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BMC Public Health

, 19:1010 | Cite as

Patient-level factors are more salient than a legislation prohibiting minors in bars in predicting unintentional injury hospitalizations

  • Imelda K. MoiseEmail author
  • Evan de Joya
  • Vinicius Okada Silva
  • Vanji Moise
  • Didi Bertrand Farmer
  • Adelisa Orantia
Open Access
Research article
Part of the following topical collections:
  1. Health behavior, health promotion and society

Abstract

Background

Alcohol related homicide, suicide and aggravated assault represent the largest costs for the state of Illinois. Previous research has examined the impact of some alcohol-related policies on youth alcohol use and alcohol-related harm in the United States but findings have been mixed. To our knowledge, no study has provided a detailed epidemiology of the relationship between the impacts of alcohol policies on unintentional injury in Illinois. Therefore, the purpose of this study is to determine whether a legislation that prohibit minors under 21 years old in establishments that serve alcohol is more salient than individual level factors in predicting hospitalization for traumatic unintentional injuries.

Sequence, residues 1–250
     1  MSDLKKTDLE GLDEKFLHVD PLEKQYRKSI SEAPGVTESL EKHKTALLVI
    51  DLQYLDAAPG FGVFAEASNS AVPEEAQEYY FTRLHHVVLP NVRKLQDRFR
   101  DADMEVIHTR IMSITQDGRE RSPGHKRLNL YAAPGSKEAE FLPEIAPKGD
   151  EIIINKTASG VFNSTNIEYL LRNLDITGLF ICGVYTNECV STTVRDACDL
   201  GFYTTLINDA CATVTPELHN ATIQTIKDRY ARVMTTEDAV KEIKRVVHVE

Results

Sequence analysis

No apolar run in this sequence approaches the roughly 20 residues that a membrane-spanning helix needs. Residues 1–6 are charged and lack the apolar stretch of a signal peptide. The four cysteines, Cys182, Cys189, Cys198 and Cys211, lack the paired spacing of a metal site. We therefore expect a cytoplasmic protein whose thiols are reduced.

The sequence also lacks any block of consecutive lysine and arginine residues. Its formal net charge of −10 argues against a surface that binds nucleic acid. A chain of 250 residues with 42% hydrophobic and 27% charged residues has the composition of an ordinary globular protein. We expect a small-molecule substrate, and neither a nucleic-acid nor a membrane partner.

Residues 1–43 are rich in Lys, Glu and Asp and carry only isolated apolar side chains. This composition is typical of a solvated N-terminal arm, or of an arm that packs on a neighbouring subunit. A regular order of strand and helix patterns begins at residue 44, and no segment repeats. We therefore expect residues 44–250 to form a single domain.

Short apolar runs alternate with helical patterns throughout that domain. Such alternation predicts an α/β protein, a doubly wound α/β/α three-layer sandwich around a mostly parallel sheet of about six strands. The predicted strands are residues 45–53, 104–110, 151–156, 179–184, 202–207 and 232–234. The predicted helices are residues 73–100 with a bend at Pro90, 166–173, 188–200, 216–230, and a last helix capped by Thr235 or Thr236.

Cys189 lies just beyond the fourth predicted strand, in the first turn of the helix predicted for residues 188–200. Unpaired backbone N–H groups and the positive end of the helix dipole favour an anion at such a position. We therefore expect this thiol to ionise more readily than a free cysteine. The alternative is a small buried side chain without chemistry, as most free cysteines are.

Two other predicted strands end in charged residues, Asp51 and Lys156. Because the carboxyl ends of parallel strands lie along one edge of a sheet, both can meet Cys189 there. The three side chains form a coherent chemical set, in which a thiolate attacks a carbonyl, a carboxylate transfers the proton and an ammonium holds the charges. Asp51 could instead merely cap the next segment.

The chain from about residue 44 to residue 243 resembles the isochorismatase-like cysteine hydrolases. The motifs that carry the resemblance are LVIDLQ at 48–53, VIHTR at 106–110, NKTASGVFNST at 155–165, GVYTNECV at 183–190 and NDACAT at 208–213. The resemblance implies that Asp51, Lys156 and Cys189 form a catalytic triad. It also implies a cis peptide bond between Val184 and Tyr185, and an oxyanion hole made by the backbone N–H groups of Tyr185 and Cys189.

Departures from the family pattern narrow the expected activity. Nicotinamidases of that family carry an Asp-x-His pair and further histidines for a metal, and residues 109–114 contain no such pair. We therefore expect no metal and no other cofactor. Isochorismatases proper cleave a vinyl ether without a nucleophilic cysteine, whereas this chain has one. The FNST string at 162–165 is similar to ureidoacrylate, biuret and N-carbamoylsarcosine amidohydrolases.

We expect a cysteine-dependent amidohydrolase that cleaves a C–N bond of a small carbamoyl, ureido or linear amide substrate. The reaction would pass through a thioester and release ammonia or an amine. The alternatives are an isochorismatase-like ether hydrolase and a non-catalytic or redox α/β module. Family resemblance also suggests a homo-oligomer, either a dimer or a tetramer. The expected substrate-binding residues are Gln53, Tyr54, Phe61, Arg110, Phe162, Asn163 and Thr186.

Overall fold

Methods

A retrospective observational study of data abstracted from 6,139 patients aged 10 to 19 hospitalized in Illinois Level I and Level II trauma centers. Patient data from 2006 to 2015 was linked with the city-level alcohol-related legislation (n = 514 cities). The response variable was whether a patient tested positive or negative for blood alcohol concentration (BAC) at the time of admission. Mixed-effects logistic regression analyses were conducted to model the patient and city level legislation effect of having a positive BAC test result on hospitalizations after adjusting for the legislation and patient factors.

Results

After adjustment, patients aged 15 to 19 and white patients who tested positive for BAC at the time of admission had the greater odds of hospitalization for traumatic alcohol-related unintentional injuries compared to patients who had a negative BAC test result. However, odds of hospitalization decreased for female patients and for those with private insurance, and over time, but a significant decrease in such hospitalizations occurred during 2010, 2014 and 2015. The alcohol-related legislation of interest was not a significant predictor of traumatic alcohol-related unintentional injury hospitalization.